Go further for longer: load cells and electric car batteries

Published On: April 25 2024

In January, the millionth battery powered electric vehicle (BEV) was sold in the UK, with an estimated 414,000 more expected to join it during 2024. That’s a 21% increase on last year’s figures.

The amount of miles you can drive on a single charge is also increasing. A year ago, the average range of an EV was estimated at around 200 miles. Now it is closer to 300 miles.

Given the still-patchy network of UK charging points, and the slow progress of building new charging stations, it’s definitely good news is that electric vehicle manufacturers are constantly innovating their battery design to improve both mileage and lifespan. However, manufacturing now needs to keep up with demand without compromising on quality or wasting precious resources.


Right from the start: load cells in electric battery manufacture

The most popular type of EV battery, Lithium-ion, now dominates the BEV market. Load cells feature at various stages in the manufacture of lithium-ion batteries, according to an article by Futek.

“In battery manufacturing, high yield and repeatability are just as important as cost-effective solutions. This is true for many different process steps, from slurry mixing, calendaring, and electrode precise slitting and force-controlled applications. Without precise measurement and control of process variables, the battery manufacturing process may be inconsistent, resulting in quality issues, process inefficiencies, and loss of production.”


Saving the slurry

The very first stage of monitoring the battery slurry preparation is crucial. The raw materials for making lithium-ion batteries are expensive, accounting for up to 60% of the total battery’s production costs. By using a load cells on a slurry container, manufacturers can measure and monitor these expensive ingredients:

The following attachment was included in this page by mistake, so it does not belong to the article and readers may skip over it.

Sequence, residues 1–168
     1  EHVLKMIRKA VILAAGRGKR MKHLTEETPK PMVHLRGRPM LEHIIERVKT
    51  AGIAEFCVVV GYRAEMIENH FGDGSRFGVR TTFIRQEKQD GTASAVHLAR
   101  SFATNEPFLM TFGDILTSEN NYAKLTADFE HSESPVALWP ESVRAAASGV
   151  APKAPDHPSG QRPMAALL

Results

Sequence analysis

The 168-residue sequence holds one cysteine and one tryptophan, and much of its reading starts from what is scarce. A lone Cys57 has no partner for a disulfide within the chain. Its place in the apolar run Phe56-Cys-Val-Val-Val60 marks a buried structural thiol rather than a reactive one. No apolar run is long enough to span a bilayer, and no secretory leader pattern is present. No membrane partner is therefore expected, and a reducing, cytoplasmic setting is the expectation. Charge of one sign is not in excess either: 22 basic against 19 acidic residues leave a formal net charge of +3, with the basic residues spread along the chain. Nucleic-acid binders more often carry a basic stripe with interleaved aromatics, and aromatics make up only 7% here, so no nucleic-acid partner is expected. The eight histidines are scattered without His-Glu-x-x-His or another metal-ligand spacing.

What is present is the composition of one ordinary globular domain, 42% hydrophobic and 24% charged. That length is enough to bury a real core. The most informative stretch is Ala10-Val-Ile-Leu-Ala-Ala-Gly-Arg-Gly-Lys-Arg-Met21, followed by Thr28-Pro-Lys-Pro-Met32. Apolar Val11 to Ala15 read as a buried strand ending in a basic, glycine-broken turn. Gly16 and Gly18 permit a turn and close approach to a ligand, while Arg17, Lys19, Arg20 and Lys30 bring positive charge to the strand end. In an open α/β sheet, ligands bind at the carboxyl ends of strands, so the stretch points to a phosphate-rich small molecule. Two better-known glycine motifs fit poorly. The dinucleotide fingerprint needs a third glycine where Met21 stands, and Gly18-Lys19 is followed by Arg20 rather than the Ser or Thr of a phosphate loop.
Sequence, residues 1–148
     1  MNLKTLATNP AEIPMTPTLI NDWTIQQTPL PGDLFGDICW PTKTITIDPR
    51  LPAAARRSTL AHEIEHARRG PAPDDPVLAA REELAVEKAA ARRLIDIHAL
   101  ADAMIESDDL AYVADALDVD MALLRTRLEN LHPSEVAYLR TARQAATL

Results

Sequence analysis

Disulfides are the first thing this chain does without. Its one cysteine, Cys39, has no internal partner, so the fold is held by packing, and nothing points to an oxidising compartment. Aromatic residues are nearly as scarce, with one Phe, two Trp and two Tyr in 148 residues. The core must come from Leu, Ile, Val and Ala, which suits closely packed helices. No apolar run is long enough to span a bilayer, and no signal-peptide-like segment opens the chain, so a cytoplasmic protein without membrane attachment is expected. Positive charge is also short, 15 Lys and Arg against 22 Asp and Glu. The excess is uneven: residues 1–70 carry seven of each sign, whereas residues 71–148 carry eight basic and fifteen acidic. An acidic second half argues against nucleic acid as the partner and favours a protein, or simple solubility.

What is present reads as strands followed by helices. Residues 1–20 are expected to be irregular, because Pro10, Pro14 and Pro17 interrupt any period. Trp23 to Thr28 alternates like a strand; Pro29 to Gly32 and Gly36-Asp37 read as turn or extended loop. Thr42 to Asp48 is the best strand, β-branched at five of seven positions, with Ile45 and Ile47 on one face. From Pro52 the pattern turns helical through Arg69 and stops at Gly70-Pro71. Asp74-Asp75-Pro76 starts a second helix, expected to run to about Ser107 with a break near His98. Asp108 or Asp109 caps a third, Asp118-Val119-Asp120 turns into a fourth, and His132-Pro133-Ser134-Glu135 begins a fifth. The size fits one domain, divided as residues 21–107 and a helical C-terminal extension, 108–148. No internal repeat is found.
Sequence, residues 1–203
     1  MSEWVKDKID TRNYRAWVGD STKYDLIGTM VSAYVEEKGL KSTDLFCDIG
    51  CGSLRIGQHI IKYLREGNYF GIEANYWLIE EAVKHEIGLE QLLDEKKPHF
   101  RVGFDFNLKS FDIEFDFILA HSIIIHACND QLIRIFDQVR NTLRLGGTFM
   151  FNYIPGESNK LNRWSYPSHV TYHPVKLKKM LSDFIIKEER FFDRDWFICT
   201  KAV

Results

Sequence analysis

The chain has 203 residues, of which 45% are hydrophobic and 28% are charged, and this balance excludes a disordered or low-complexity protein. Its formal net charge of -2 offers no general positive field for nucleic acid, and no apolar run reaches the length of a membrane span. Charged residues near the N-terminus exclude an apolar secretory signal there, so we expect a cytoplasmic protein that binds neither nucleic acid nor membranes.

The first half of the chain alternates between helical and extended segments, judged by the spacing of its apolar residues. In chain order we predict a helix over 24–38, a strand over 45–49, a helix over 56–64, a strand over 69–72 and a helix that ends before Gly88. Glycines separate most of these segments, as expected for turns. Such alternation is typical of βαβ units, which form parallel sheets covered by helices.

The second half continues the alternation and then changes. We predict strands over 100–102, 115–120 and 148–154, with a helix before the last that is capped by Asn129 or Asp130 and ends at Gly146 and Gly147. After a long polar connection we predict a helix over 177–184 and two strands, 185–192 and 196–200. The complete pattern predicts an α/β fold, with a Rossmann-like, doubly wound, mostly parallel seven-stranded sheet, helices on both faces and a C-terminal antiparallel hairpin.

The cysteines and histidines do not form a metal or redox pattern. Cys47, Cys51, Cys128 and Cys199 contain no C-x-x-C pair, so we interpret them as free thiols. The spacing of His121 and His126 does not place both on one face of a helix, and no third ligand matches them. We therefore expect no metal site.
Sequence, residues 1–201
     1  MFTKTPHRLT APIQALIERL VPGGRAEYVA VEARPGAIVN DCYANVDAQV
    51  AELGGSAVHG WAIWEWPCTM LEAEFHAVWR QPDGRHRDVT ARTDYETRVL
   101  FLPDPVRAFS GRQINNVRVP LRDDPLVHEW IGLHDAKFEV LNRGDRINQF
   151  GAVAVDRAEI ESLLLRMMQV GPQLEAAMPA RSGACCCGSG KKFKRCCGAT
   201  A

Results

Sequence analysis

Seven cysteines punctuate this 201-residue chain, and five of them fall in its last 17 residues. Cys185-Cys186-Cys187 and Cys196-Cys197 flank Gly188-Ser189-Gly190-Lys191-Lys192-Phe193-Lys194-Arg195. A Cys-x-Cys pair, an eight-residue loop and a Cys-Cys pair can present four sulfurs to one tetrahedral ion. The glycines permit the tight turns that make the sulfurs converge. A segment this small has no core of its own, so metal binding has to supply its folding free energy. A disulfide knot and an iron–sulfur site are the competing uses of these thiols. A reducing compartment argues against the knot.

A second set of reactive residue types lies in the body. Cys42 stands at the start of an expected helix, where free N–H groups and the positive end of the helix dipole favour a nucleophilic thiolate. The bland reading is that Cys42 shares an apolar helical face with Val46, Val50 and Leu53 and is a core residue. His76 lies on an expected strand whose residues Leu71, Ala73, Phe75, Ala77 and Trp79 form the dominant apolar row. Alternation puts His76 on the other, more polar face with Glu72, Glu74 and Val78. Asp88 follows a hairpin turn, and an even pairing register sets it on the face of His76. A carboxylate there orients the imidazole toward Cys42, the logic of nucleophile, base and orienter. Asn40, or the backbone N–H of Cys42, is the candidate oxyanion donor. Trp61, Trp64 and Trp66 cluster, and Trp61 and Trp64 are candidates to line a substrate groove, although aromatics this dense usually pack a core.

“Weighing is the most accurate method of meeting high process tolerances for consistency in formulation and avoiding expensive waste.”


In-vehicle electric battery testing

Electric batteries in vehicles are subject to a wide range of forces, including electrical mechanical and thermal stresses. Load cells can be used to fully test the batteries, as:

“Mechanical evaluations must maintain strict force tolerances, often using load cells because of their accuracy and cost-effectiveness.”


Recycling battery components

Li-ion batteries are also driving high demand for lithium, with demand exceeding supply since 2022. In 2022, 60% of all lithium produced was destined for EV batteries.

With such expensive and rare ingredients involved, it is reassuring to read in Direct Industry e-magazine that that Bosch Rexroth are pioneering the use of automation to recover up to 95% of chemical elements from used EV batteries. These elements can then be fed back into the manufacture of new batteries.

According to Franck Papon, Business Development Manager:

“Bosch primarily focuses on the upstream part of the process, specifically on the pre-treatment after the battery is removed from the vehicle. Pre-treatment involves diagnosing the battery to determine its condition, health status, charge status, and also its model and what the battery is made of. The diagnostic process includes opening the battery hood using AI-driven methods tailored to each battery model. Once the battery is diagnosed, we can load all the machines in the recycling line.”


Enter the robots

Most industrial robots are packed with load cells and sensors so they can perform intricate tasks with the same delicate touch as a human hand. (See our blog here for more on this )

A German project aims to use human mentors’ to help robots learn how to identify, examine and disassemble components for remanufacturing. The robot can rework an old component, or disassemble it for reuse, resulting in an eco-friendly operation that minimises waste, uses less energy, and reduces the cost of the final re-manufactured product.

The AgiProbot uses an AI system to learn from skilled humans as they disassemble a specific component. A cobot then reproduces each task individually. Equally, the AI can be used to check returned used components for damage that would prevent them being reusable, including corrosion, cracks, flaws and excessive wear.

Do explore their interactive website – that’s impressive on its own!


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